St. Pierre sur Mer

Narbonne area map St. Pierre (also known as St. Pierre la Mer, just to be confusing), in the Departement of Aude, is one of a string of beach resorts that have been relatively recently developed. It's a less-fashionable and cheaper area, not at all like the Nice/Cannes/Monaco sort of thing to the Northeast. But the beaches are actually a lot better! Inland, one finds limestone hills, and lots of vineyards.

There are some quite traditional sweet wines such as Banyuls and Rivesaltes, and vast acreages of cheap "Vins de Pays d'Oc", forming the largest wine-growing area of France, and perhaps the world. More recently, ambitions have been raised, and there are some Appellations Contrôlées areas, such as Coteaux du Languedoc and Corbières. I'm particularly fond of the light and dry Rosés.

(Map courtesy of Maporama).

Click on the small pictures to see larger ones.

A panoramic view from my grandmother's apartment complex, looking over the houses on the Mediterranean shore.
On an excursion to the mouth of the river Aude, the four generations: my mother José, my grandmother Lucienne, daughter Isabel, and wife Chantal.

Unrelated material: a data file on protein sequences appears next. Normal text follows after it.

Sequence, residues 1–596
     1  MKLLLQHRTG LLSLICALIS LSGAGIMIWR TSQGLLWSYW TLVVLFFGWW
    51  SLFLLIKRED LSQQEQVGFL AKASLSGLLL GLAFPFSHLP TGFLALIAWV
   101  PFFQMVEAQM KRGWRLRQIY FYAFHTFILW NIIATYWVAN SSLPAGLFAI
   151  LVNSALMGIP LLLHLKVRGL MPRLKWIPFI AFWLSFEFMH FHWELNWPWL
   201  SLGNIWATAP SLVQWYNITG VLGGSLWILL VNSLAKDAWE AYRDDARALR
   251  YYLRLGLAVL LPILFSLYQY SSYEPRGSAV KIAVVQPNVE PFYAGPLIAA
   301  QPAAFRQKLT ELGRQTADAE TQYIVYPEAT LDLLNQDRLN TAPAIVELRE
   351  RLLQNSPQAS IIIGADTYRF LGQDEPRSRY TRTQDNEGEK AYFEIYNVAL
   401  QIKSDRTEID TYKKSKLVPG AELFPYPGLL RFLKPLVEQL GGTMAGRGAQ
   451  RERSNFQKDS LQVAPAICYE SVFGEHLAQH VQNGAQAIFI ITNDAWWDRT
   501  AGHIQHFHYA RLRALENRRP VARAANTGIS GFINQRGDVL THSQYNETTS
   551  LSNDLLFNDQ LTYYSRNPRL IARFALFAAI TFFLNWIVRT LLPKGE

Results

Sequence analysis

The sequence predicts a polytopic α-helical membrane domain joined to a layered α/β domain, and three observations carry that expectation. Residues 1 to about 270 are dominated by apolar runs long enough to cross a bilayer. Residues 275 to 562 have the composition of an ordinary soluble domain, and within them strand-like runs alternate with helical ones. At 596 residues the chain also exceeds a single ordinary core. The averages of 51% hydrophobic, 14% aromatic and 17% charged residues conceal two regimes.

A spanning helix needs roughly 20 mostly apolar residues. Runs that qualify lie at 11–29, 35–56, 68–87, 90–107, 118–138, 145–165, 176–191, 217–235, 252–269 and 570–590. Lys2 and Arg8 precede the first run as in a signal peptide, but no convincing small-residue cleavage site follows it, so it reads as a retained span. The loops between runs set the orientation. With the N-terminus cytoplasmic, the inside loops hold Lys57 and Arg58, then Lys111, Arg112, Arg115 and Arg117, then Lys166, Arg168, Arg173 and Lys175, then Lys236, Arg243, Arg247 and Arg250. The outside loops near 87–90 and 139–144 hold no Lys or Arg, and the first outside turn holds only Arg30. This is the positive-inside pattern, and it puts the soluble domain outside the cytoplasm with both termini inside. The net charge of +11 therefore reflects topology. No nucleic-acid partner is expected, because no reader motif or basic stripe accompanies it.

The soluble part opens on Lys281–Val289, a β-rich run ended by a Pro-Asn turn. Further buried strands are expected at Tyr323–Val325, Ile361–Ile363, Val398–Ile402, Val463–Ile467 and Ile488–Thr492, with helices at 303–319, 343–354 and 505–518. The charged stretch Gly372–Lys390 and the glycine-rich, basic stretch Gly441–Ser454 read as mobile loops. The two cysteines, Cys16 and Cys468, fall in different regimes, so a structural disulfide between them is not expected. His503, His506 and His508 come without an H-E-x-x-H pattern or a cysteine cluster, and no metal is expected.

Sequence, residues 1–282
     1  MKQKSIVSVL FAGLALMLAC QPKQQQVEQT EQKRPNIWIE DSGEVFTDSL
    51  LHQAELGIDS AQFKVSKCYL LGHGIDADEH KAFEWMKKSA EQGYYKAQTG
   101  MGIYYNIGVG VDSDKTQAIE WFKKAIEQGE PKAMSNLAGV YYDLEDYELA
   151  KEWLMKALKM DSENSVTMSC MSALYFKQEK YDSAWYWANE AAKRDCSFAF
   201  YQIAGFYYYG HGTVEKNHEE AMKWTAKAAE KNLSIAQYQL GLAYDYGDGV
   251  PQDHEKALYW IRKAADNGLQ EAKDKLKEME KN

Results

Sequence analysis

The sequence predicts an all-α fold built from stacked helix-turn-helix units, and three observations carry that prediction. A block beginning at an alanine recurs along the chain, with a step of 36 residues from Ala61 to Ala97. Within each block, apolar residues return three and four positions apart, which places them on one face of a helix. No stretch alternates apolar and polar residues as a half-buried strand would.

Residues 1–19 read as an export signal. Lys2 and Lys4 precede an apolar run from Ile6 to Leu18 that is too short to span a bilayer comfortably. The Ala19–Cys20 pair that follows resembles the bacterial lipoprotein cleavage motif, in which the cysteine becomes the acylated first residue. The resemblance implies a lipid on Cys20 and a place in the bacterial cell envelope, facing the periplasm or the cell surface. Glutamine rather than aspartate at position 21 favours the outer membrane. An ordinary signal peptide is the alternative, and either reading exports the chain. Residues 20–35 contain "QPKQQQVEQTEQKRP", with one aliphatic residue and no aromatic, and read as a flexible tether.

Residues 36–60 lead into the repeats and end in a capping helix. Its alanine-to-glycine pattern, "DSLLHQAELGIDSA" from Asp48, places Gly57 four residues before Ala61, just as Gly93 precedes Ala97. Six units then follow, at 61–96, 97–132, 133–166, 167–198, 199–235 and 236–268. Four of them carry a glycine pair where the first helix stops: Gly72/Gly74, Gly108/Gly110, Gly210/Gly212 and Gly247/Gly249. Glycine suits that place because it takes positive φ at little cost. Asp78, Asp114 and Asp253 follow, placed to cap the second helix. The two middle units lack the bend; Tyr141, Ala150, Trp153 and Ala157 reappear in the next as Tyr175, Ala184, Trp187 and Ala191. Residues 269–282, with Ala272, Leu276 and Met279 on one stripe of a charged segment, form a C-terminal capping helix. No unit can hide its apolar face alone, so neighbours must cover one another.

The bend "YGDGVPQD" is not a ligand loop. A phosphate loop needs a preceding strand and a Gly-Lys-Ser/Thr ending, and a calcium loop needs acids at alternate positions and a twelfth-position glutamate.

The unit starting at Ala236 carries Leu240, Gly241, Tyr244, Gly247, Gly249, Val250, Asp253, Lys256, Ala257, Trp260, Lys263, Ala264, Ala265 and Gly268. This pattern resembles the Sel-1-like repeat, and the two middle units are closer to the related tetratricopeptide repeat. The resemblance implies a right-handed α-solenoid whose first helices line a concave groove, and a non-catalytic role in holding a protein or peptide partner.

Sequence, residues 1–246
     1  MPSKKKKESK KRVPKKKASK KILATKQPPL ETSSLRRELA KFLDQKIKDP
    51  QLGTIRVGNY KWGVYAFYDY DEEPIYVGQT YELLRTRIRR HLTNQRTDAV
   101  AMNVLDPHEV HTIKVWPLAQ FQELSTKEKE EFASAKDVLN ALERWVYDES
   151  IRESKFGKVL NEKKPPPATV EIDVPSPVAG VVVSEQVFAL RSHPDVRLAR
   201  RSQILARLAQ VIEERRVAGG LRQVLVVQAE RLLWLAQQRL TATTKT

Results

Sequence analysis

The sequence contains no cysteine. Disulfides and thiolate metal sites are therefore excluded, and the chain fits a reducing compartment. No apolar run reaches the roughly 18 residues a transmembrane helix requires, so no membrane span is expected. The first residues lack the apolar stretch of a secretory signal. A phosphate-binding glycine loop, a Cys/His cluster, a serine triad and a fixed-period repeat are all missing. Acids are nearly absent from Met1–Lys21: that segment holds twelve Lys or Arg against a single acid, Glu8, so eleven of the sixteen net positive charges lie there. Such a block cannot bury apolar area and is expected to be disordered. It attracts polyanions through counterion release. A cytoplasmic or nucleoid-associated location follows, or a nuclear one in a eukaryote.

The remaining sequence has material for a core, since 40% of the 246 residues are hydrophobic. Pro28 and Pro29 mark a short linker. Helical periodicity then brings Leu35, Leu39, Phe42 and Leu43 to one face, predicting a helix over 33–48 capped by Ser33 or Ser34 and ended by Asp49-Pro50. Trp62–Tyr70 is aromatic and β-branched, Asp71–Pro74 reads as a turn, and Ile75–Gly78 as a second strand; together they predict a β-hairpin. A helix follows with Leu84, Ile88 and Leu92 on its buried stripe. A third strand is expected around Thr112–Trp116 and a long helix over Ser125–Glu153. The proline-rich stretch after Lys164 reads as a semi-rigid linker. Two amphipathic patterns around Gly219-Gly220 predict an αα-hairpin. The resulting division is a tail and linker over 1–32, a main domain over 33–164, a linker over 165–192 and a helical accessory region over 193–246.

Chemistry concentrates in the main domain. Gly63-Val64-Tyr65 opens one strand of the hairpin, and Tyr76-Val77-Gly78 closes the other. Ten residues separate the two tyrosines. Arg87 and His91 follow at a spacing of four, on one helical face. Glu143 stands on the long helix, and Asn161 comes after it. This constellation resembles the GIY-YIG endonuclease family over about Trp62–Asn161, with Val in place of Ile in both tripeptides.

And Benjamin of course, who didn't want to be in the group photo.
They have an odd way of fishing here. A net, suspended from both banks, is lowered to the bottom of the river, and then a few minutes later, slowly pulled up while the fisherman collects the resulting catch with a small net. We bought a big fish caught more conventionally. (A 1.75 kg "loup".)
At L'Oustalet, an equestrian center (among other things), stroking a horse.
Roof tiles of various vintages.
The daily market.
Chantal selecting a basket.
More olives than you can shake a stick at.
More fruit, and the beach and sea beyond.
At the beach:
Near St. Pierre is a remarkable geologic formation known as "Le Gouffre de l'Oeil Doux". It's a large hole in the limestone massif, hundreds of feet across and down, that is filled by underground springs. It's a short hike from where my grandmother lives, and one suddenly comes across it after tramping through the hot, dry landscape, covered with wild rosemary. Swimming in it is supposed to be dangerous and forbidden, but lots of people seem to do it anyway, including high dives from the surrounding rocks. (To get a sense of scale, look carefully for the small dots that are people.)
Isabel and Benjamin in the "Garrigues", or dry limestone hills.
A double portrait in the hills.